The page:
Don’t skirt the de­tails

The Irish Times - Thursday - Property - - The Market - Denise O’Con­nor

There are so many things to con­sider when do­ing up your home it’s not sur­pris­ing that some of the less prom­i­nent de­tails can fall through the cracks. But with a lit­tle for­ward plan­ning you can en­sure the lit­tle de­tails are ex­actly as you want them to be.

1. Skirt­ing boards

These are not some­thing most peo­ple tend to fo­cus on when plan­ning a ren­o­va­tion. Un­less they have been specif­i­cally de­tailed early on in the de­sign process, they tend to be left to the con­trac­tor to sup­ply.

Be­lieve it or not, there is a lot of choice when it comes to skirt­ings, from the very tra­di­tional to much more con­tem­po­rary – all of which come in a wide range of heights. This seem­ingly small de­tail frames ev­ery room so it’s worth mak­ing sure it en­hances the over­all scheme. Ask your con­trac­tor to bring you sam­ples to ap­prove be­fore he buys any­thing or visit a lo­cal builders’ sup­plier to look at the op­tions avail­able.

2. Ar­chi­traves

The same goes for ar­chi­traves, the tim­ber mould­ing that frames your doors and, of course, the doors them­selves. Prices and styles vary mas­sively so un­less you’ve agreed from the out­set what you want it’s worth be­ing spe­cific here.

3. Iron­mon­gery

This is an­other area which can go un­no­ticed un­til it’s too late. Think of the han­dles as the fin­ish­ing touches to your doors – so again spend a bit of time mak­ing sure the style is both in keep­ing with your de­sign and com­fort­able to use. Lever han- dles are a bet­ter choice than door knobs for any­one with con­cerns about mo­bil­ity in their wrists or hands. Front doors of­ten come with stan­dard iron­mon­gery so it’s im­por­tant to know what you’re get­ting and make any changes in the early stages of plac­ing the or­der. One prac­ti­cal con­sid­er­a­tion is whether to go for a key-op­er­ated or thumb-turn lock­ing sys­tem on the inside of your door.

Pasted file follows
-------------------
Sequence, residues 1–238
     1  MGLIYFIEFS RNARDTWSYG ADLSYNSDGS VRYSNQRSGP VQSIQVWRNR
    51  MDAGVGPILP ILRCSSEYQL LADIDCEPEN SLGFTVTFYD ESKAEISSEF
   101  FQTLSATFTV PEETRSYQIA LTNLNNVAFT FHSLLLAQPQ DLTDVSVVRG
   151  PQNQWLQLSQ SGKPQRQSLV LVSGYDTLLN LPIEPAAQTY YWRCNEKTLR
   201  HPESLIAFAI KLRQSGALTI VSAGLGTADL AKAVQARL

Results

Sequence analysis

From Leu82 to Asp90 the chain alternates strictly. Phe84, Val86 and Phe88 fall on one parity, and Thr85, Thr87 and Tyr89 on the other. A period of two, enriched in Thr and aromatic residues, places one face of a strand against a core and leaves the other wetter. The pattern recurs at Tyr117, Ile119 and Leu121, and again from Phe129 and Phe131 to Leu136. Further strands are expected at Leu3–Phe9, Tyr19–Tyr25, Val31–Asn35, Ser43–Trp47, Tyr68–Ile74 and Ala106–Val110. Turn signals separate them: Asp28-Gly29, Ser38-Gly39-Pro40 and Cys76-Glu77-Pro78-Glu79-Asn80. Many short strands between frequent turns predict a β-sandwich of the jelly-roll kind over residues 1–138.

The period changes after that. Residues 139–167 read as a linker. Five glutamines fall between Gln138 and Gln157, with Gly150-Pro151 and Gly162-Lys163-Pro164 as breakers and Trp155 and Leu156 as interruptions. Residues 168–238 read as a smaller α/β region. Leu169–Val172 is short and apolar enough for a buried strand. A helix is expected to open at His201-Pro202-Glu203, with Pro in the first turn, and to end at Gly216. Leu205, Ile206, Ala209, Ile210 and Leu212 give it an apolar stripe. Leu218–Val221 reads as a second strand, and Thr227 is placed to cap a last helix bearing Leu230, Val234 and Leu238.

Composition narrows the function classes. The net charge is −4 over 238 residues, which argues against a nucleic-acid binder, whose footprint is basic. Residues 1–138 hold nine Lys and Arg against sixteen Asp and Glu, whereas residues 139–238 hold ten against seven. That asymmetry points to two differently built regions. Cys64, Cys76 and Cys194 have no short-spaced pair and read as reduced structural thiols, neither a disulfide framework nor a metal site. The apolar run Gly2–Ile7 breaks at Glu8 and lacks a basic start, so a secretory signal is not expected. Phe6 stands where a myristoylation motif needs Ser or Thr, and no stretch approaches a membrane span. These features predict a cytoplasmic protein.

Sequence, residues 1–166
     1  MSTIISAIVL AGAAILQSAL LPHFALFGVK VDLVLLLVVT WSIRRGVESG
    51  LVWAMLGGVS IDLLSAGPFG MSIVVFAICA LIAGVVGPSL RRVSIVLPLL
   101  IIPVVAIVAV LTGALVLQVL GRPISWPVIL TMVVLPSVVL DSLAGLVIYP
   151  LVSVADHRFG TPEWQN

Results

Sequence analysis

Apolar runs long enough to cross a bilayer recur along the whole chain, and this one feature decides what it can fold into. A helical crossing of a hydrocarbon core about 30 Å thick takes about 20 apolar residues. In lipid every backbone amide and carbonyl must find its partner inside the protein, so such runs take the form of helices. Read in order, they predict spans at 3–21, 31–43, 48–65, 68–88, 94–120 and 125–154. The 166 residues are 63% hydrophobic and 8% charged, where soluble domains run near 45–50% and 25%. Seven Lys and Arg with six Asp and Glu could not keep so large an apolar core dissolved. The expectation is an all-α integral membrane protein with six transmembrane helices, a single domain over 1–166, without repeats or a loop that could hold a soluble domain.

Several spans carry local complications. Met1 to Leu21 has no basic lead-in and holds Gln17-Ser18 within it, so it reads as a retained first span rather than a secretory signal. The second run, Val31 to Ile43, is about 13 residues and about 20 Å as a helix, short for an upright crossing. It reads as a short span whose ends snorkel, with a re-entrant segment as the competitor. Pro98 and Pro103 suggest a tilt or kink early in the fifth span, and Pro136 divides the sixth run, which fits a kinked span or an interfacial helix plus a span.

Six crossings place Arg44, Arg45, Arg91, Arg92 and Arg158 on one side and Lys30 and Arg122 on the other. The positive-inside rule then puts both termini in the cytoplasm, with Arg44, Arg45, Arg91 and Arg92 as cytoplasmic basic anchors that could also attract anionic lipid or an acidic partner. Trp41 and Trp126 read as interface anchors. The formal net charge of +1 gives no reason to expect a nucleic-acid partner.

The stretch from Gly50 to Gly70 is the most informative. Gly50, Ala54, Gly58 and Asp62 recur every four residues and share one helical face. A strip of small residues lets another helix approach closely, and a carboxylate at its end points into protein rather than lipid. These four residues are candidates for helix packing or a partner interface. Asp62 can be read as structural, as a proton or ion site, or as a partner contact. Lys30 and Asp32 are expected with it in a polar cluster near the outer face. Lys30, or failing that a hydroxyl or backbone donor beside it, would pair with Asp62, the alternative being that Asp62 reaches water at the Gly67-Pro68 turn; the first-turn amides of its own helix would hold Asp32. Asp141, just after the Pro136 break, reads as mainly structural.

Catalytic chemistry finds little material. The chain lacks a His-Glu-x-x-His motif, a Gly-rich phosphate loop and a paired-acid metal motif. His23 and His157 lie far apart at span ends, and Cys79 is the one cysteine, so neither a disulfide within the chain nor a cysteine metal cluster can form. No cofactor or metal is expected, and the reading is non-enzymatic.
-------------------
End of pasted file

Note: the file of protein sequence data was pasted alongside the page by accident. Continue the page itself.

Safety with chil­dren can be an is­sue here – if they can reach the thumb turn it’s very easy for them to open the door, so a key would be a bet­ter op­tion.

4. Tiles

Be­fore your tiler starts, ask them to lay out the tiles as they plan to fit them. Think about how the tiles will flow from front to back and from side to side. In a bath­room, it’s good to cen­tre the floor tiles on the WC and get the floor joints to align with the wall joints.

Keep grout lines as small as pos­si­ble and de­pend­ing on the kind of tiles you are us­ing, think about how to fin­ish any ex­posed edges. Stone, for ex­am­ple, can be pol­ished or bev­elled avoid­ing the need for any kind of trims. Ceramic and porce­lain tiles, how­ever, will need a tile trim. I would rec­om­mend a square-edge chrome trim over the plas­tic ver­sion; they are more ex­pen­sive but ab­so­lutely worth it.

‘‘ Be­lieve it or not, there is a lot of choice when it comes to skirt­ings

5. Junc­tions

Fi­nally, when it comes to com­bin­ing dif­fer­ent floor fin­ishes, try to keep junc­tions as clean as pos­si­ble. A lit­tle for­ward plan­ning will mean you can have a seam­less joint be­tween tim­ber and tiles, avoid­ing the need for any kind of metal or tim­ber trim. This is par­tic­u­larly im­por­tant in an open-plan space with dif­fer­ent floor fin­ishes where you want to main­tain a seam­less flow be­tween the dif­fer­ent ar­eas. Denise O’Con­nor is an ar­chi­tect and de­sign con­sul­tant

In a bath­room, it’s good to cen­tre the floor tiles on the WC and get the floor joints to align with the wall joints.

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